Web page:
The kind of tenor who can successfully sing Wagner has to have big top notes, beefy low notes, and the blasting power of a foghorn. No wonder that that the German word ‘Heldentenor’ - which is applied to this kind of singer - translates as ‘hero tenor’. Good ones are as frequent as sightings of Holy Grail, and photogenic ones are even rarer. With his new disc, Wagner, Jonas Kaufmann becomes the most recent challenger to the heldentenor crown. Is he up to it?
It’s a natural step up for Kaufmann, who has been tackling heavier and weighter roles in recent years. His luscious voice is big, beefy and blasting - so no problems there. His stamina is amazingly impressive as well: he holds Siegmund’s anguished cry of ‘Wälse’ - it’s the name of Siegmund’s father - for what seems like an eternity. (In the score it’s written as a note with a pause over it, so the length is really only limited by the singer’s lung power.) The use of his mother tongue is naturally expressive and musical. He’s an intelligent performer, and has produced a clever recital: these Wagnerian excerpts include one from the rare early work Rienzi, and Kaufmann also includes Wagner’s Wesendonck-Lieder, which are usually sung by a female voice. It’s fascinating and thought-provoking.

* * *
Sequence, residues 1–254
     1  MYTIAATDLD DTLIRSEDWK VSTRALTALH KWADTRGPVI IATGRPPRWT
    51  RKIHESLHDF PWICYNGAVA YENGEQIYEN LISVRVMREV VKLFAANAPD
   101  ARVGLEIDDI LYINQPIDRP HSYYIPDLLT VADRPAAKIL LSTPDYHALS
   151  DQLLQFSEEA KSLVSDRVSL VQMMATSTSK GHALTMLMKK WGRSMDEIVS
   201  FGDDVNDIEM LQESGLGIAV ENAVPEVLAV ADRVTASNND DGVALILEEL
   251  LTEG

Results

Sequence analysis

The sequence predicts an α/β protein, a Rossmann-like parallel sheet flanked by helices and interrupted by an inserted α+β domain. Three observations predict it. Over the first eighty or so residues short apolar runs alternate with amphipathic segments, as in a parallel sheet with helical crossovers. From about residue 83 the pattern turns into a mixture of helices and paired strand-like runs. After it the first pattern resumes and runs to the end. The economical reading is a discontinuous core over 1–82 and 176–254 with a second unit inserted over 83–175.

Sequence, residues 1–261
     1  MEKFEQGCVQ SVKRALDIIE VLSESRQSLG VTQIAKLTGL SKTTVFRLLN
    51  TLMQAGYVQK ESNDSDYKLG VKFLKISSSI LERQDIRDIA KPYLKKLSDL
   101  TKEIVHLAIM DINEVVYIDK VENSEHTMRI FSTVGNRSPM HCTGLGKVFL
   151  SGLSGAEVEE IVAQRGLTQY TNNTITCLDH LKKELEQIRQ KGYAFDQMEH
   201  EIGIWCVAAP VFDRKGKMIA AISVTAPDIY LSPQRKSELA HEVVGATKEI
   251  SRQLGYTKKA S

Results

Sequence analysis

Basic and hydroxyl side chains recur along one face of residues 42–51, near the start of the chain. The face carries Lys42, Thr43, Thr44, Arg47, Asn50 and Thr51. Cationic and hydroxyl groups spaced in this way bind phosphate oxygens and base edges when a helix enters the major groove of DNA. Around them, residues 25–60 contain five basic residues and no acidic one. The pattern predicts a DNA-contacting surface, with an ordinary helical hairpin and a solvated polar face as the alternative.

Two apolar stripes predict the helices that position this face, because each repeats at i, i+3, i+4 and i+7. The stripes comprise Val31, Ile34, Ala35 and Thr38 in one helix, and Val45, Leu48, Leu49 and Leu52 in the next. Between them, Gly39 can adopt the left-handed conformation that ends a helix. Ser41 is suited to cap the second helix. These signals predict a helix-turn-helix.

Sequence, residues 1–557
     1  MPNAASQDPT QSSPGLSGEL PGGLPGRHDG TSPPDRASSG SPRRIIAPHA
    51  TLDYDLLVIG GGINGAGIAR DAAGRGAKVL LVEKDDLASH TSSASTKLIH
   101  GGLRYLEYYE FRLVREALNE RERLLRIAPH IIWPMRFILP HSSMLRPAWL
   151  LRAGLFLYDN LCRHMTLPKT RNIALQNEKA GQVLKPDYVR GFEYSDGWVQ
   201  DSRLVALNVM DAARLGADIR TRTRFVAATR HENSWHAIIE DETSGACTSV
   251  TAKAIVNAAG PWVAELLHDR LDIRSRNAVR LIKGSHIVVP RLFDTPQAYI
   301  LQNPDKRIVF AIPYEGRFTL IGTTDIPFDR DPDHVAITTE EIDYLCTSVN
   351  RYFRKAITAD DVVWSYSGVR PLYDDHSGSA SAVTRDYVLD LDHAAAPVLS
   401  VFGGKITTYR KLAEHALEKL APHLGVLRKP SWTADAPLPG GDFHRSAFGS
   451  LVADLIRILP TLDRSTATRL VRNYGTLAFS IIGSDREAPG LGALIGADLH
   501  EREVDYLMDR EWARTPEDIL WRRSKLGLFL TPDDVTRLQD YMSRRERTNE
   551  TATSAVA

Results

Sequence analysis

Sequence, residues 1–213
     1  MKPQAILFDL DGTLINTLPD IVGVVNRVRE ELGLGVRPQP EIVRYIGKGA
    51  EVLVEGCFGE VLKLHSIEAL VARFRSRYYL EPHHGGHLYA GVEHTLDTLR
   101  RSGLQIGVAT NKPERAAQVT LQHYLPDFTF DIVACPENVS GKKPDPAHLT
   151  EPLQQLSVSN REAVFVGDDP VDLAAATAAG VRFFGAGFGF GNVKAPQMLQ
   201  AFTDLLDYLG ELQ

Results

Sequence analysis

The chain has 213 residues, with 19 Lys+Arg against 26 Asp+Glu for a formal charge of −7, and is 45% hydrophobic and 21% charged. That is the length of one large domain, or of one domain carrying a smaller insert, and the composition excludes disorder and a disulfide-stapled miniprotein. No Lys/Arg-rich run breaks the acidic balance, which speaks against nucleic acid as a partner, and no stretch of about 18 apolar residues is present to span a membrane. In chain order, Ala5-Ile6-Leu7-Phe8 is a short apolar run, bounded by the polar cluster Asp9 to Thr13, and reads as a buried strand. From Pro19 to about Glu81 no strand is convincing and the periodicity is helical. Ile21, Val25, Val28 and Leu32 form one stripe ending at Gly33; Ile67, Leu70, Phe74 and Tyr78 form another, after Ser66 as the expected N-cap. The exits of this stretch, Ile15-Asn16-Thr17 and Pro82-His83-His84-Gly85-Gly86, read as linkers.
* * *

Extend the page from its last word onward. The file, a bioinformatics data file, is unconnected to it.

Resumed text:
Kaufmann's luscious voice is big, beefy and blasting
The only question - and this is purely a matter of personal taste - is in the timbre of his top notes. Some buffs like their heldentenors to have an open ringing sound, like a silver trumpet. Kaufmann’s upper register is darker and covered, more like a saxophone. I find it thrilling - there’s even a touch of bedroom smoochiness in the quiet passage from Lohengrin - but slightly unusual too. Some heldenophiles may not be persuaded.
No questions over the conducting. Donald Runnicles, a Scot, is justly acclaimed for his Wagner interpretations, and he’s on top form with the Deutsche Oper orchestra here. The playing is polished but intense and dramatic too.
It’s so far so good for Kaufmann then, and his career as a heldentenor is looking solid. But will he go the final step, and tackle the hardest of all Wagner roles? Is he planning to sing Tristan? Fingers crossed.
Jonas Kaufmann (tenor), Orchester der Deutschen Oper Berlin/Donald Runnicles
Warwick Thompson is the opera critic for Metro newspaper, and writes on the performing arts for Bloomberg.com.